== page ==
PC3000 For Windows, What damage can it do .... inadmissible?
Whilst returning from my holiday, a colleague decided it was necessary to use PC 3000 to repair two bad sectors on the 'suspect' drive. This was completed due to ImageMASSter failing, once the bad sectors were re-allocated the ImageMASSter completed two successful clones.
Forensically does this mean the original could be inadmissible in court?
If not, does any one know the workings of PC3000 with respect to write blocking, is it possible for the windows platform to write to the suspect disk inadvertently.
I do not know enough about PC3000 to comment fully, and was hoping some one could portray some more helpful information.
ImageMaster shouldn't fail because of two bad sectors?
Also the use of the word clone, doesn't sound like you create forensically sound copies of the data. Normally a 'clone' is of the live file structure only.
Most forensic tools used for imaging wont fail if they encounter a bad sector (i.e. EnCase, FTK, DD), they simply fill the bad sector copy with zeros.
The ImageMASSter I used did fail, perhaps it may be tempremental and requires replacement, however once the work undertaken on PC3000 was complete, ImageMASSter did manage to duplicate the suspect drive twice onto new hdd media.
The CRC32 Checksum was returned for both drives and were identical.
My main question is the intergrity of the original media and could PC3000 jeapodise the authenticity and be deemed as inadmissible in court?
Cheers for your input Andy,
If the data was altered, as I suspect it was, you've got some problems. Not insurmountable, as your partner could testify to what he did, which sectors were involved, etc. He would have to testify that he understood the process and hopefully he did. You would need to do research and verify that any further findings were not the result of pc3000.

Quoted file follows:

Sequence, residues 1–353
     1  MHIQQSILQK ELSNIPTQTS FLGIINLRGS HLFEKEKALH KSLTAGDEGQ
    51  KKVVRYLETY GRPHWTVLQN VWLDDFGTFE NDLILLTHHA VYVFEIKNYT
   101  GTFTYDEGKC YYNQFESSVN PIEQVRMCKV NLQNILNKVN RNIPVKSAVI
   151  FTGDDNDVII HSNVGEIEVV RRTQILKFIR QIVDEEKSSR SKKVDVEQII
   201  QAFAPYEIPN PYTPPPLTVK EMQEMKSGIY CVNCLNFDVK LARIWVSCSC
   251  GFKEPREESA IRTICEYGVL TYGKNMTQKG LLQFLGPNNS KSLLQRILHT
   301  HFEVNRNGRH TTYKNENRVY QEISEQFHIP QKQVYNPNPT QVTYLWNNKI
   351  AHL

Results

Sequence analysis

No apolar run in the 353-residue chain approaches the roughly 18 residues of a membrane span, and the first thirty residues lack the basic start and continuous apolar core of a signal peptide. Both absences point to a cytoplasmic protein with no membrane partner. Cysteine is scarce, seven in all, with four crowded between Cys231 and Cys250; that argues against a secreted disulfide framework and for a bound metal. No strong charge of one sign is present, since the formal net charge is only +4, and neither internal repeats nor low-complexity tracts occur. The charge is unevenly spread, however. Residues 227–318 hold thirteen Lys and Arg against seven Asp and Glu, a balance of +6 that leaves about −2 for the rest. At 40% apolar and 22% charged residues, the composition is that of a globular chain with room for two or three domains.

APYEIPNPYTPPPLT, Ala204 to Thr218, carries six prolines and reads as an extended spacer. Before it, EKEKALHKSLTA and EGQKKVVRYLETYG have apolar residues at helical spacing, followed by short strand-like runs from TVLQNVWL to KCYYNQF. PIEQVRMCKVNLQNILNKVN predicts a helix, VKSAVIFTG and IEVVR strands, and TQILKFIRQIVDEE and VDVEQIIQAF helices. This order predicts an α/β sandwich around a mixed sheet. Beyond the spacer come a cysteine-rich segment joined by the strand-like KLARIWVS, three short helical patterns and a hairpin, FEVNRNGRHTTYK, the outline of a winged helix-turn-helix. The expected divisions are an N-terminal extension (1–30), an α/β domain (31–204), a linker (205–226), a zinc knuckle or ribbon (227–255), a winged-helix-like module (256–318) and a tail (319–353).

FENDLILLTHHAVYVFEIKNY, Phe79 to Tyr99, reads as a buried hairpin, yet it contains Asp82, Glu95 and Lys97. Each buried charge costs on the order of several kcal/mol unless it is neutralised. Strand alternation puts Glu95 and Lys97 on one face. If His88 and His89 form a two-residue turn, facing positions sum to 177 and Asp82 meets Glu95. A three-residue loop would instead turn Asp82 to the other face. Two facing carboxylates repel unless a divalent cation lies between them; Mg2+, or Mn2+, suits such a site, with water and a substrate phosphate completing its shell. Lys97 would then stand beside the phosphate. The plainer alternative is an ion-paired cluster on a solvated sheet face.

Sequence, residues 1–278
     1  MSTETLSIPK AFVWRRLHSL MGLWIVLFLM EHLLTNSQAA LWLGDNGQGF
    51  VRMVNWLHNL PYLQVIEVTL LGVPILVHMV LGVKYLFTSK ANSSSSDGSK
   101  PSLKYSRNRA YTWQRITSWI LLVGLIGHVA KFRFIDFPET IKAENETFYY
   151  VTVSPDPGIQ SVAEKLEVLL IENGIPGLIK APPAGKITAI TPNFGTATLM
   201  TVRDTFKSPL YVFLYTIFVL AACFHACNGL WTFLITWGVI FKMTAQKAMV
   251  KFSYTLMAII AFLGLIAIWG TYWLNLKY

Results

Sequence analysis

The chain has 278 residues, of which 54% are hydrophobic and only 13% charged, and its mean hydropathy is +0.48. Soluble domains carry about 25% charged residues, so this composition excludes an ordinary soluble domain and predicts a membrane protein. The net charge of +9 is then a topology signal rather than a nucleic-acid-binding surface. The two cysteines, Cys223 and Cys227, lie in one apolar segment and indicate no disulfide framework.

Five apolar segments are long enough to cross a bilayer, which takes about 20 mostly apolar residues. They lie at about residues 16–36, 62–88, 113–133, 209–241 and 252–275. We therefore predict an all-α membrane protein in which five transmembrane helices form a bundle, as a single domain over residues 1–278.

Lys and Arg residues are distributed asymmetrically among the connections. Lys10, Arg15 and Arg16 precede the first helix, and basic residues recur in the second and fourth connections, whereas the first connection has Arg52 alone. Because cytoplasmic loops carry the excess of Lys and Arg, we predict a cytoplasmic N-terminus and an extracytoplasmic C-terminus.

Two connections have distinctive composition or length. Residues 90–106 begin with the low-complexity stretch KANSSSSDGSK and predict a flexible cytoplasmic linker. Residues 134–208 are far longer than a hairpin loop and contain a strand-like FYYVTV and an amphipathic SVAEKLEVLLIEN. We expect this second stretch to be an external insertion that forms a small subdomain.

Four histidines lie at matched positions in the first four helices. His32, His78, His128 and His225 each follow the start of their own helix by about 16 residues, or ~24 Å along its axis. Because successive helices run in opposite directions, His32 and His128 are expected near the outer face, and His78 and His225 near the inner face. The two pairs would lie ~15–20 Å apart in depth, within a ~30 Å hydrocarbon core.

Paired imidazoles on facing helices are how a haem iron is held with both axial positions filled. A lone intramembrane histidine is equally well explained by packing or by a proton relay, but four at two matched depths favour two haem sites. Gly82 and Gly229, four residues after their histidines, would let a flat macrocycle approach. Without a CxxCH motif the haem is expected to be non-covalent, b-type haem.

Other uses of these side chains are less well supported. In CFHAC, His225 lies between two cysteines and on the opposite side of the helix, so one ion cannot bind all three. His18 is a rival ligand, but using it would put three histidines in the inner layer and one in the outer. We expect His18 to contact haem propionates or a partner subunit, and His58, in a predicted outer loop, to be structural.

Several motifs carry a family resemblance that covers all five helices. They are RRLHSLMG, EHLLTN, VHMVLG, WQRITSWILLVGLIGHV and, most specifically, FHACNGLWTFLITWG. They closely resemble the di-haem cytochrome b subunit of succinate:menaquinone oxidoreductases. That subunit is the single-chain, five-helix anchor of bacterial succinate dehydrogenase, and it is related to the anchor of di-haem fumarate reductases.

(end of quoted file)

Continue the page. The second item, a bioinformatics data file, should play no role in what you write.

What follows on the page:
I am not familiar with pc3000, but I assume it is some type of disk utility. If the drive were attached to a proper write blocker such utilities would not be able to access the drive. You should get an error of some type. Since you say the drive was "fixed" I assume it was not attached to a write blocker. This will also have other implications if it were installed in a machine that was subsequently booted.
I don't think it's insurmountable, but potentially a lot of explaining.
I read up on pc 3000. Looks like an interesting tool. I could see a forensic use for it, but certainly not on drives with two bad sectors. More like those that couldn't otherwise be accessed. Our evidence wont always be perfect, but we should endeavor to deliver the best evidence under the circumstances.
I would try to address the following big questions
What does the process touch, besides the bad sectors?
Does it require a drive be attached then booted?
Is the data protected from Windows in any way during this process?
These could all be addressed with sufficient testing. The big thing is to explain is that the use of pc 3000 does not randomly sprinkle illegal pornography for instance all over the drive.
Are you talking about the ISA or the newer Windows?
pc3000 is a great tool , but for your problem u need to say what hdd are u testing.I mean brand etc…..
It is posibile to take back the realocated sectors and to preserve drive information before examening , so even if u do something u can get it back.But that is a large field and on forum u can get particular but not general info.I use pc3k for years and it is a great tool but it can harm a lot if u do not know how to use it .